Originally Published 2004-09-27 09:03:57 Published on Sep 27, 2004
Kautilya said that the worst enemy is the enemy within. In Arthshastra, he stated, ¿Arrows may not kill a soldier but skillful intrigue can kill even those in the womb.¿
On Managing Internal Security in Border States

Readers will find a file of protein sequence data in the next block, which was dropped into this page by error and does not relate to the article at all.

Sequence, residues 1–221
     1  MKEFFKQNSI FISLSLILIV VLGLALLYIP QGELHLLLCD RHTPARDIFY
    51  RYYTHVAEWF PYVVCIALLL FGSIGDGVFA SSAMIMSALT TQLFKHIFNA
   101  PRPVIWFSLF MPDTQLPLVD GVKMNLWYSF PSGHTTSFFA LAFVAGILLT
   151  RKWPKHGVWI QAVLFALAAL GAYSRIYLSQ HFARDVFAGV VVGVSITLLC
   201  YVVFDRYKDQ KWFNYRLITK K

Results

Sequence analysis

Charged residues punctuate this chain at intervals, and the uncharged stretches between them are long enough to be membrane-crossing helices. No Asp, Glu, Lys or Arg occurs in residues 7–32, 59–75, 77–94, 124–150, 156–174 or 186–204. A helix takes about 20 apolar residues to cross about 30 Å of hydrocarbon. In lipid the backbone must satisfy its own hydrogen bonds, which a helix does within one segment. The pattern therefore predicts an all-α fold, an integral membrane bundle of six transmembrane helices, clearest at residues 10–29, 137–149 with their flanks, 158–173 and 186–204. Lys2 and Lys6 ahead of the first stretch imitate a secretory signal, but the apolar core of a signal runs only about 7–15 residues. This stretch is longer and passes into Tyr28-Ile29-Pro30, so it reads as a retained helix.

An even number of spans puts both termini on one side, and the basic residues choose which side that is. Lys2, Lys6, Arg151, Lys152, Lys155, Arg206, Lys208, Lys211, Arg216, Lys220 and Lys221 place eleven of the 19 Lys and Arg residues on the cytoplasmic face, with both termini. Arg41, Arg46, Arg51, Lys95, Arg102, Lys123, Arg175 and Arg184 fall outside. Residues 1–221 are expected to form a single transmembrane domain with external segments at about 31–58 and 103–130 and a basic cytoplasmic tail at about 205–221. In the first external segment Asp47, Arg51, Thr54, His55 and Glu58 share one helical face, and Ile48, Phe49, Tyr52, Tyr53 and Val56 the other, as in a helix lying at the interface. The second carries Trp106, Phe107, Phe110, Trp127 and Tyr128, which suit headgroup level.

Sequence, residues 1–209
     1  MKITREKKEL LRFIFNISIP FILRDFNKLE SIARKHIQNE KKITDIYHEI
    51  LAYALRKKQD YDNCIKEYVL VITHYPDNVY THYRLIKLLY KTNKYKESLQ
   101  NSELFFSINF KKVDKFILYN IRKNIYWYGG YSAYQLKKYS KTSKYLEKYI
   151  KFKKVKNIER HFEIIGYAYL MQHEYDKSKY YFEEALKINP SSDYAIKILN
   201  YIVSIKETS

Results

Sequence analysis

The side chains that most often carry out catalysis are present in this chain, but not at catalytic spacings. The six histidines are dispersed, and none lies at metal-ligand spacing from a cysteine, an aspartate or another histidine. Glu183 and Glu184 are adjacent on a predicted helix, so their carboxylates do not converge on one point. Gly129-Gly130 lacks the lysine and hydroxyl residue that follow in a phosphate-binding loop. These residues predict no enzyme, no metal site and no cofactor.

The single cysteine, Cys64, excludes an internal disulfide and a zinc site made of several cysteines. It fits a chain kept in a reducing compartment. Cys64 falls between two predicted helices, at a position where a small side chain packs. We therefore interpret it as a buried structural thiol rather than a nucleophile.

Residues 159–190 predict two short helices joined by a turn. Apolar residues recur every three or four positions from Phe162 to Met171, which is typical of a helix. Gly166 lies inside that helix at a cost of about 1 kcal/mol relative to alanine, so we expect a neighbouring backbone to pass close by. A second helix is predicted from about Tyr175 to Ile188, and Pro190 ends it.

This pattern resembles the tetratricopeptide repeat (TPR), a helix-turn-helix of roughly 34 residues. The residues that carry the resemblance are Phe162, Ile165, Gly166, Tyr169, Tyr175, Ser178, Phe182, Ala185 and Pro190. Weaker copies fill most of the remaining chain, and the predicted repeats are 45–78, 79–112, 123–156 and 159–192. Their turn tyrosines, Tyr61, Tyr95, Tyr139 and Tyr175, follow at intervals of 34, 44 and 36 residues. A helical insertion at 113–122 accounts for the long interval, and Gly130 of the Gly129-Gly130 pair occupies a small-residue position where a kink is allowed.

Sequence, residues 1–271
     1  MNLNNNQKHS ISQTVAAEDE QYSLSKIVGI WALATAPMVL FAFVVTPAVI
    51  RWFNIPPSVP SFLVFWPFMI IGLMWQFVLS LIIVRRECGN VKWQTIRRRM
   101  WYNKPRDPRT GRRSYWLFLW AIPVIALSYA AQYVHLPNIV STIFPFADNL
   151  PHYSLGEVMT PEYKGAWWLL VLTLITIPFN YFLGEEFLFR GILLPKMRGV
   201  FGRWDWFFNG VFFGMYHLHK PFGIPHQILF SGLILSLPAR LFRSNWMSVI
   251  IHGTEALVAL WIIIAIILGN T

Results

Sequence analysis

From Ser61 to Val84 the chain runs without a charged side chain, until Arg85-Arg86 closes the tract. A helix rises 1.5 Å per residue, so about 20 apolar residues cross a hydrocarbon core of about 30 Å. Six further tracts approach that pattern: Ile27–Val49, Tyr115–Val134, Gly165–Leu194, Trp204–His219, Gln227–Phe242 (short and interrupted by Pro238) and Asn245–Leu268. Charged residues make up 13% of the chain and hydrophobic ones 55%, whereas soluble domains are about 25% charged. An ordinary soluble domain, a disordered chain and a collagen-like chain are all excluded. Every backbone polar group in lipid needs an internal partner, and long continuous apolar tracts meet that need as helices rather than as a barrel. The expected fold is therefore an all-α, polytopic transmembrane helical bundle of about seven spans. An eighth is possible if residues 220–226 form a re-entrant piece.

Kautilya said that the worst enemy is the enemy within. In Arthshastra, he stated, "Arrows may not kill a soldier but skillful intrigue can kill even those in the womb."&nbsp; <br /> <br /> These days the whole of South Asia- India, Nepal, Bangladesh, Sri Lanka, Maldives, and Pakistan-is going through internal unrest and upheavals due to insurgency movements, ethnic conflicts, religious fundamentalism, or just cussed political polarization. Internal security of South Asian states is and will remain under great stress in the foreseeable future. Such unrests have a history of crossing national boundaries and leading to inter-state tensions. Latest development is on the Indo Nepal border.&nbsp; <br /> <br /> Geo-politically, South Asia represents an integral security zone with India's unique centrality. No two South Asian nations can interact with each other directly without touching or crossing Indian land, sea or air space. India has special ties with each of her neighbours-of ethnicity, language, culture, common historical experience, or of shared access to and dependence upon vital natural resources - of a character and to a degree of intensity that is not shared by any two others. Although we do not have serious territorial security problem with neighbors other than Pakistan, there are issues like the Indian secessionist groups using their territory as sanctuaries, trans border immigration, gunrunning and narcotics, which affect our security. The neighborly unrests, therefore, have special significance and implications for India.&nbsp; <br /> <br /> It may also be noted that the rise in assertion of their national identity has already created propensities amongst some of our neighbors to view India as a problem and mobilize other counter weights. Historically, in the event of erosion of India's political strength and stability, these nations have sought to distance themselves from India and often attempted to make more demands and secure greater concessions and accommodation from India. <br /> <br /> Within India, our secular, open and pluralistic society continues to be vulnerable to several internal contradictions even after 57 years of independence. Given our poverty, illiteracy, communal and casteist vote bank politics, these contradictions are unlikely to disappear soon. Some specific issues that we are faced with are:</font> </p> <ul> <li> <div align="justify"> <font size="2" class="greytext1">Problems of national assimilation and integration particularly of Border States in the North East.&nbsp; <br /> </font> </div> </li> <li> <div align="justify"> <font size="2" class="greytext1">Porous borders with Nepal, Bhutan, Myanmar, Bangladesh, and Sri Lanka which enable illegal trans border movements and smuggling of weapons and drugs. These days AK rifles, machine guns, rocket propelled grenades, land mines, RDX, even shoulder fired surface to air missiles are easily available in our neighborhood.&nbsp; <br /> </font> </div> </li> <li> <div align="justify"> <font size="2" class="greytext1">Weak governance including law and order machinery and large-scale corruption. Nexus between crime, insurgency and politics.</font> </div> </li> </ul> <p align="justify" class="greytext1"> <font size="2" class="greytext1">The internal security prognosis, therefore, should be a cause for serious concern for those in the national security apparatus. <br /> <br /> By now it is obvious to everyone that our internal security policies, and State and Central Police and Para Military Forces (CPOs and PMF), our primary instruments for tackling law and order and internal security, have not been able to cope up with these growing challenges. Main reasons for lack of success by the latter are excessive political interference, lack of professionalism and modernization. Over the years, they have acquired an ethos that is not conducive to operational effectiveness. In most troubled states, we have had to deploy large numbers of CPOs, PMF and the Army (including Rashtrya Rifles) to create a semblance of law and order, and conditions wherein elections can be held for elected representatives to govern the state. Once committed, with few exceptions, they have remained there for decades. <br /> <br /> Three points need to be made here.</font> </p> <ol> <li> <div align="justify"> <font size="2" class="greytext1">First. Military pressure alone cannot resolve matters unless there is good governance and a strong thrust on socio-political and socio-economic issues. Political leadership and civil administration have to govern the states and the country with greater commitment and efficiency.&nbsp; <br /> </font> </div> </li> <li> <div align="justify"> <font size="2" class="greytext1">Second. Protracted employment of Army leads to "Law of Diminishing Returns". The reasons are (a) over dependence on the Army reflects lack of trust and faith in the capability of the state and central armed police and para military forces (b) after a while, locals treat the Army as another police force (c) such duties have adverse impact on Army's operational effectiveness (d) during a war/war like situation; Army needs public support. It cannot afford to alienate local population as currently happening in Manipur and to some extent in Assam.&nbsp; <br /> </font> </div> </li> <li> <div align="justify"> <font size="2" class="greytext1">Third. Reduction in Army deployment will be possible only if we can revamp the para military, central and state police forces. We need to urgently modernize these forces, improve their leadership, training and man management.</font> </div> </li> </ol> <p align="justify" class="greytext1"> <font size="2" class="greytext1">How do we improve policing and intelligence in border areas?&nbsp; <br /> <br /> Sometime ago it was proposed that for revamping state armed police, central police forces and para military forces, trained Army personnel with 8-10 years service be laterally inducted into these forces. They will not only bring in some Army ethos and culture but also save state money on training. The laterally inducted men will benefit by serving longer (more saving due to late receipt of pension) and within their own state. The Army will also benefit. It will be able to maintain a younger age profile. It will be a win win situation for all. <br /> <br /> We had also proposed that all young officers joining these forces be either trained in Army training establishments like the Indian Military Academy and Officers Training Academy, or their own commissioning establishments have instructors from the Army. Some Army officers in the ranks equivalent of Lieutenant Colonels and Colonels could also be selected for lateral induction into these forces. Most political leaders in the Government had favored this proposal. But it has not been implemented due to vested interests. It is time that we rose above our parochial interests. <br /> <br /> My next suggestion pertains to Assam Rifles, which was raised primarily for deployment in the North East and comprised personnel from these areas. Some years ago, its composition was changed to an all India composition force. The force thus lost its excellent rapport with local people, so essential for intelligence gathering and maintaining law and order. I feel about 65-70 percent of this force should be recruited from the North East. With this composition, the battalions should be rotated within North East on 3-4 years tenure basis and not allowed to develop 'material' interests in the local set up. <br /> <br /> We already have border-holding forces. But these will always remain inadequate. They have to be supplemented with 'home and hearth' units or village guards; of the kind that we had in Arunachal Pradesh earlier. (Special Security Bureau (SSB) units did a good job in 1960s and 70s. By sheer neglect and poor leadership, we diluted their role. Now through ad hocism, we have changed their role/composition and converted them into something different). These 'home and hearth' units, with as many local ex servicemen as possible, should be raised/deployed wherever border-holding forces are thin on the ground. They must maintain good communication and liaison with the latter. Army personnel should train these personnel on the lines of Border Scouts.&nbsp; <br /> <br /> Amongst North East states, which are more vulnerable to internal and external security pressures, we also need more effective coordination of intelligence and operations through a regional set up in Guwahati or Shillong. This can be established as part of North East Council. <br /> <br /> In the current strategic scenario, one cannot rule out a situation where a neighboring nation may seek India's assistance in kind or forces. It has often happened in the past. It will be prudent for the Government and Armed Forces to prepare contingency plans so that such help, if decided, can be provided with least delay.&nbsp; <br /> Finally, we must have a comprehensive strategy to deal with insurgency and terrorism in Border States. That should include broad based domains of national and states' policies including accelerated economic development and elements of security and media policies. Most importantly, it should address dedicated and effective governance through good administration, prompt and fair judiciary and law and order machinery that inspire confidence. <br /> <br /> <em>* Views expressed in this article are those of the author and do not necessarily reflect those of Observer Research Foundation.</em>